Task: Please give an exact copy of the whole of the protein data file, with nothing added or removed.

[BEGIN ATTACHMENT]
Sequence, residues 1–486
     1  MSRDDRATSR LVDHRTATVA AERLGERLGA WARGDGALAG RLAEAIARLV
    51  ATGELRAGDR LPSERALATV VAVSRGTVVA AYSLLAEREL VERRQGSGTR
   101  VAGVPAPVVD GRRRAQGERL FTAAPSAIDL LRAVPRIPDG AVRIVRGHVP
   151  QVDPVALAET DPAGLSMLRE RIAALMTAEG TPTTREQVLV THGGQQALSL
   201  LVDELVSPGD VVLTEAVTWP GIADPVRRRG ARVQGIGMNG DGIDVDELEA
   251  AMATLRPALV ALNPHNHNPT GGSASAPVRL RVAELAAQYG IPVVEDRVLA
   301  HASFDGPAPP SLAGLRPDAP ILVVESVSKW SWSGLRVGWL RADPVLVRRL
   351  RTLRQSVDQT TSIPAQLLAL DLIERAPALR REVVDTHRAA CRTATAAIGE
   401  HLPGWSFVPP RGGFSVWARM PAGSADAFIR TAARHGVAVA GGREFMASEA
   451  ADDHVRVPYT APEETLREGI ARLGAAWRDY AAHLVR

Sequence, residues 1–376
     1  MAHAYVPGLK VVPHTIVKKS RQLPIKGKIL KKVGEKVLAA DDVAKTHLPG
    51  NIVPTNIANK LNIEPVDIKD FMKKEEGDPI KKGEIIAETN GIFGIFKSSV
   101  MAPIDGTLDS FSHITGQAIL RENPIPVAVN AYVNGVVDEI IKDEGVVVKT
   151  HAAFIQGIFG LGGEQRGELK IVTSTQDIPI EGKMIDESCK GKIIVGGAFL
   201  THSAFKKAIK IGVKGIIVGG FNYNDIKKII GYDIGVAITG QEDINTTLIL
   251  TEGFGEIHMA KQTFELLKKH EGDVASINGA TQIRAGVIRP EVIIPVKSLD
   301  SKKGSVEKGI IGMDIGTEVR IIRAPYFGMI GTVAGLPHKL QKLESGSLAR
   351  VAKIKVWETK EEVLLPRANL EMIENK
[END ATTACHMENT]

Sequence, residues 1–486
     1  MSRDDRATSR LVDHRTATVA AERLGERLGA WARGDGALAG RLAEAIARLV
    51  ATGELRAGDR LPSERALATV VAVSRGTVVA AYSLLAEREL VERRQGSGTR
   101  VAGVPAPVVD GRRRAQGERL FTAAPSAIDL LRAVPRIPDG AVRIVRGHVP
   151  QVDPVALAET DPAGLSMLRE RIAALMTAEG TPTTREQVLV THGGQQALSL
   201  LVDELVSPGD VVLTEAVTWP GIADPVRRRG ARVQGIGMNG DGIDVDELEA
   251  AMATLRPALV ALNPHNHNPT GGSASAPVRL RVAELAAQYG IPVVEDRVLA
   301  HASFDGPAPP SLAGLRPDAP ILVVESVSKW SWSGLRVGWL RADPVLVRRL
   351  RTLRQSVDQT TSIPAQLLAL DLIERAPALR REVVDTHRAA CRTATAAIGE
   401  HLPGWSFVPP RGGFSVWARM PAGSADAFIR TAARHGVAVA GGREFMASEA
   451  ADDHVRVPYT APEETLREGI ARLGAAWRDY AAHLVR

Sequence, residues 1–376
     1  MAHAYVPGLK VVPHTIVKKS RQLPIKGKIL KKVGEKVLAA DDVAKTHLPG
    51  NIVPTNIANK LNIEPVDIKD FMKKEEGDPI KKGEIIAETN GIFGIFKSSV
   101  MAPIDGTLDS FSHITGQAIL RENPIPVAVN AYVNGVVDEI IKDEGVVVKT
   151  HAAFIQGIFG LGGEQRGELK IVTSTQDIPI EGKMIDESCK GKIIVGGAFL
   201  THSAFKKAIK IGVKGIIVGG FNYNDIKKII GYDIGVAITG QEDINTTLIL
   251  TEGFGEIHMA KQTFELLKKH EGDVASINGA TQIRAGVIRP EVIIPVKSLD
   301  SKKGSVEKGI IGMDIGTEVR IIRAPYFGMI GTVAGLPHKL QKLESGSLAR
   351  VAKIKVWETK EEVLLPRANL EMIENK